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Bringing a 60 year old treaty into the 21st century

The Solutions We Need

A “modernized” Columbia River Treaty must align with modern values of Indigenous sovereignty, economic and environmental partnership and civic engagement, and the modern reality of climate change.

To do this, the Treaty must be updated to:

  • Make ecosystem health co-equal to existing treaty purposes of power production and flood control, so river flows and reservoir operations support fish and clean water
  • Reform treaty governance and implementation to include expert representation for ecosystems, like biologists working alongside engineers
  • Develop a new agreement for coordinating flood control across the border, so there is a balanced system for all
  • Share hydropower and other benefits produced by the treaty fairly between the two countries, in keeping with its original principle
  • Ensure the modernized treaty respects the rights of tribes and Indigenous nations and honors their unique expertise
  • Create ongoing mechanisms for public education and citizen involvement, starting right now with renewed engagement between federal agencies and the Northwest public.

How we got here

Indigenous people have stewarded the Columbia River, which draws water from a river basin larger than France, and depended on its salmon since time immemorial. When explorers Lewis & Clark and David Thompson first stepped into the watershed in the early 1800s, as many as 16 million salmon returned each year to natal streams flowing in forests, deserts, and mountains.

Since then dams have transformed one of the earth’s richest salmon rivers into the earth’s largest integrated hydropower system. The resulting economic benefits have come with wrenching costs to both Indigenous and settler communities, fish and wildlife, and the river itself.

Part of this transformation came in the early 1950’s when Canada and the U.S. began negotiating the Columbia River Treaty to coordinate river development across the border. They excluded Indigenous people, and people of the basin generally, from the process. The resulting treaty, ratified in 1964, has only two purposes: maximizing hydropower generation and engineered flood control.

While treaty operations primarily concern three large upstream Canadian storage dams (plus Libby Dam in Montana), it has consequences everywhere. Only 15% of the watershed is located in Canada, but more than a third of the Columbia’s total flow originates there.

Canada is also the basin’s largest and most climate resilient source of cold water, which is critical for ensuring water quality for migrating salmon and other ecologically and culturally important aquatic species.

Columbia River Treaty mapThere are over sixty large dams in the Columbia River Basin, which together form a system operated for a mixture of priorities.

The Problems We Face

Since May 2018, the U.S. and Canada have been meeting to negotiate a “modernized” Columbia River Treaty.

Northwest people have no way of participating in the Columbia River Treaty negotiations. In fact, the U.S. Negotiating Team (led by the State Department with support from Bonneville Power Administration, the Army Corps, and other federal agencies) has kept the entire process all but closed to the public.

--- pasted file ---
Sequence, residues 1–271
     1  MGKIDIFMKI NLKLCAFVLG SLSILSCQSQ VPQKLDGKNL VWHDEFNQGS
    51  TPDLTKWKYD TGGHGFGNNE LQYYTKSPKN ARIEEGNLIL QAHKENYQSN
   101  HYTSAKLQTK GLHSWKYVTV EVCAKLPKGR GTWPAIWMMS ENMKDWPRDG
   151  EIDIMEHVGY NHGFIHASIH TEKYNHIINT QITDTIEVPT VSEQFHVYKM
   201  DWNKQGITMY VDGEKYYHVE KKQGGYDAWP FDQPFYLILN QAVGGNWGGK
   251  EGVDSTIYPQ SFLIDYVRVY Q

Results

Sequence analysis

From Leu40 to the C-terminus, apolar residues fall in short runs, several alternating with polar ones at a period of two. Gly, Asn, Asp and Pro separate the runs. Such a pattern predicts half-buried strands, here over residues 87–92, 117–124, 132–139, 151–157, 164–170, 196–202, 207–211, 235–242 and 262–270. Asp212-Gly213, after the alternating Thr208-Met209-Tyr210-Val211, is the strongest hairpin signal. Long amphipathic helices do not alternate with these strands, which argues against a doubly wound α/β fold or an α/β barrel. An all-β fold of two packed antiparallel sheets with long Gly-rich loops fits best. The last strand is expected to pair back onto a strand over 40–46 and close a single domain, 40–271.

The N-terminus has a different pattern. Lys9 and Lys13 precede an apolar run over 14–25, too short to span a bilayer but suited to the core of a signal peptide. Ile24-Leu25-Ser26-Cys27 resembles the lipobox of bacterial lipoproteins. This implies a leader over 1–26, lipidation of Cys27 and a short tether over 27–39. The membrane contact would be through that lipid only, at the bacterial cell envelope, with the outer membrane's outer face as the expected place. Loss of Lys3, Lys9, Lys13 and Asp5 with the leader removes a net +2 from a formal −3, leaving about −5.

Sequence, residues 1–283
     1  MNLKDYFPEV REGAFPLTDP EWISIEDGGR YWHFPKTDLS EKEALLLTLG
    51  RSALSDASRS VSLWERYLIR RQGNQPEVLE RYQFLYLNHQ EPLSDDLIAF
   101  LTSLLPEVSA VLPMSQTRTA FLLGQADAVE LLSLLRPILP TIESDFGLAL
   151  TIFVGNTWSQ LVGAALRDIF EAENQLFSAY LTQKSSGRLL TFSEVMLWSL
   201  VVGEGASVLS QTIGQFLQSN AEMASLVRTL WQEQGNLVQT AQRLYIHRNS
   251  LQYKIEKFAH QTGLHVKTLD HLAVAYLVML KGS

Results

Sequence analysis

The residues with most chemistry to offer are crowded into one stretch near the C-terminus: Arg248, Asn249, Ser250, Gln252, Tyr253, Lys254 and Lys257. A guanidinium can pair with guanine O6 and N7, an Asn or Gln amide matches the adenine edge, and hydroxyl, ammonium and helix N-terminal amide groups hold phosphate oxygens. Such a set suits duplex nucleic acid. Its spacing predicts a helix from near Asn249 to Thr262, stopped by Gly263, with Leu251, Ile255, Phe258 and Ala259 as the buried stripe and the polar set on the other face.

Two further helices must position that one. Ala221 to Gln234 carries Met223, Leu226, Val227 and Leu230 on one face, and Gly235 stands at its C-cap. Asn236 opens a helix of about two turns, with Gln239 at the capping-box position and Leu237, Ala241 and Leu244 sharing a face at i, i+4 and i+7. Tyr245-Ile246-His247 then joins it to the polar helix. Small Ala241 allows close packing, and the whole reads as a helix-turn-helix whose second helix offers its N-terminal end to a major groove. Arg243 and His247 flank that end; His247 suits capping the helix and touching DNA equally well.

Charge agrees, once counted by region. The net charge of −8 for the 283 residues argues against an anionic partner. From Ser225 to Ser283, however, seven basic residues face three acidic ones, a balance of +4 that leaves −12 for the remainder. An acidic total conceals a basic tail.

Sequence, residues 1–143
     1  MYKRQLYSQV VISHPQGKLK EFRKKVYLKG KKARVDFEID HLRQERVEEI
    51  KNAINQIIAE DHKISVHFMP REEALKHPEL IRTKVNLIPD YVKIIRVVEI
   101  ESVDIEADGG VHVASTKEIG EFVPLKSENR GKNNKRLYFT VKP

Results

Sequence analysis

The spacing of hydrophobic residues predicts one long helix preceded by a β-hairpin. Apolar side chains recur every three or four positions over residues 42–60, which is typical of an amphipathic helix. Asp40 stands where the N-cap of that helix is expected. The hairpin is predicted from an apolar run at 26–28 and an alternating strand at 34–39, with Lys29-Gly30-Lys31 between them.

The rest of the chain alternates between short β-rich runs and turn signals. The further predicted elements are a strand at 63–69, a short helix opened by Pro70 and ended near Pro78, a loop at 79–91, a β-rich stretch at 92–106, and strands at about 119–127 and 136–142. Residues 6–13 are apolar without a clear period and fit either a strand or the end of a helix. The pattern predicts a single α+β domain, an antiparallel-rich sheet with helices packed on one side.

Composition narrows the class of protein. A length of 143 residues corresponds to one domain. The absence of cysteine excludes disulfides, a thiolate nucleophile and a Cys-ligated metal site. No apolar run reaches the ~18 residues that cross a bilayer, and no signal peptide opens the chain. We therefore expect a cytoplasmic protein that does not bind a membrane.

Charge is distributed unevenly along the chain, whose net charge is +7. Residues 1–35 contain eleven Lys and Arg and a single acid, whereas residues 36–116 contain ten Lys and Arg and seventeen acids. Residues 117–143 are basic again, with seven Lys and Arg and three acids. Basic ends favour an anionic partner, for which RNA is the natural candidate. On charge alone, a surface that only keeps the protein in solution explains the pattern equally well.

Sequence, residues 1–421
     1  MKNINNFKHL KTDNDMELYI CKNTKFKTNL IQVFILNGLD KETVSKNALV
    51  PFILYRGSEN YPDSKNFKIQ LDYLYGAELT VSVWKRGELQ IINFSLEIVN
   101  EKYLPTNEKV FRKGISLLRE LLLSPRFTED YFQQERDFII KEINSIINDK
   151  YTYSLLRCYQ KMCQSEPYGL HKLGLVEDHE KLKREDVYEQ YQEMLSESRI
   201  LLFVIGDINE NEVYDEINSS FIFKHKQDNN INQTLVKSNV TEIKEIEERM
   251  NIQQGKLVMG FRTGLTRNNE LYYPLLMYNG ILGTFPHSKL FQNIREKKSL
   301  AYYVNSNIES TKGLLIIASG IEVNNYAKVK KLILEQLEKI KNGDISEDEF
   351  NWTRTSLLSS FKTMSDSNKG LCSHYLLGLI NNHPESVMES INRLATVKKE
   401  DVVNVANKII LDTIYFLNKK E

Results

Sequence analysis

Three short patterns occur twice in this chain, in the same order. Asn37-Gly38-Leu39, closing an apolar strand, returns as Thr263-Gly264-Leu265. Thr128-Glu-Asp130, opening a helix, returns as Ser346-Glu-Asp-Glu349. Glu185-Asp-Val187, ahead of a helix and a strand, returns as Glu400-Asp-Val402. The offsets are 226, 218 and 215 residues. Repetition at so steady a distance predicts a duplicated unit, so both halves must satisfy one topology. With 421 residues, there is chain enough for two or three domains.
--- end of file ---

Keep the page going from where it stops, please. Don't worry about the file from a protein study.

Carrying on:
The 1964 Columbia River Treaty was ratified before the Clean Water Act, the Endangered Species Act, the National Environmental Policy Act, the Boldt Decision and other key frameworks designed to protect ecosystems and honor the rights of the watershed’s tribal nations. Standards for meaningful public engagement were also much lower than they are today. So, it’s no surprise that the treaty ignores ecosystems, contains no formal role for tribes, and fails to involve the affected public.

Further, the current Treaty ignores climate change, leaving Columbia Basin communities unprepared for that immense challenge. On top of this, in September 2024, the flood control portion of the treaty will change unless the two countries reach a new agreement first. This change is not yet well defined but will shift responsibility for flood control from Canada to the U.S.

Without a solid plan, this may sow chaos for the hydrosystem’s precariously balanced priorities. The U.S. NGO Treaty Caucus is gravely concerned that federal agencies will further de-prioritize the health of fish and wildlife in response. Detailed planning for this potential shift must begin approximately one year in advance, which is only one year away from now. Advance planning is four years overdue.

Northwest people know we need to do better. Federal agencies must involve us in charting a course for the future.


Grand Coulee Dam 90 miles west of Spokane was completed in 1942 without providing passage for salmonGrand Coulee (WA) is the only American dam on the mainstem Columbia with major storage capacity and so is largely dependent on upstream operations in Canada. Other storage dams whose operations could shift under a new treaty include John Day (OR/WA), Libby (MT), Hungry Horse (MT), Seli’š Ksanka Qlispe’ (MT), Dworshak (ID), Brownlee (ID), and Alberni Falls (ID).